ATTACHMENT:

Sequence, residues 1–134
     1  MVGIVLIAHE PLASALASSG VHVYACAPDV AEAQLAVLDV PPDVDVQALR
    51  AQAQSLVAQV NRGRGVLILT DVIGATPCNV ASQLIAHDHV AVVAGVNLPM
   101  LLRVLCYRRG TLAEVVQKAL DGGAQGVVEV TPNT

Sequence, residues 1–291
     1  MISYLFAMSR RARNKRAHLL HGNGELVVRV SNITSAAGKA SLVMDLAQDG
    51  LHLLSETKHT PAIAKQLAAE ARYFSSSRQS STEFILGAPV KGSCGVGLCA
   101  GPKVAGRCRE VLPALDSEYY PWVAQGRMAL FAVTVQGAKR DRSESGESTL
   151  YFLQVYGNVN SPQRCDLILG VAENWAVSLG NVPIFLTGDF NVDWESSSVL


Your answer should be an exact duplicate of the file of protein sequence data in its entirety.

Sequence, residues 1–134
     1  MVGIVLIAHE PLASALASSG VHVYACAPDV AEAQLAVLDV PPDVDVQALR
    51  AQAQSLVAQV NRGRGVLILT DVIGATPCNV ASQLIAHDHV AVVAGVNLPM
   101  LLRVLCYRRG TLAEVVQKAL DGGAQGVVEV TPNT

Sequence, residues 1–291
     1  MISYLFAMSR RARNKRAHLL HGNGELVVRV SNITSAAGKA SLVMDLAQDG
    51  LHLLSETKHT PAIAKQLAAE ARYFSSSRQS STEFILGAPV KGSCGVGLCA
   101  GPKVAGRCRE VLPALDSEYY PWVAQGRMAL FAVTVQGAKR DRSESGESTL
   151  YFLQVYGNVN SPQRCDLILG VAENWAVSLG NVPIFLTGDF NVDWESSSVL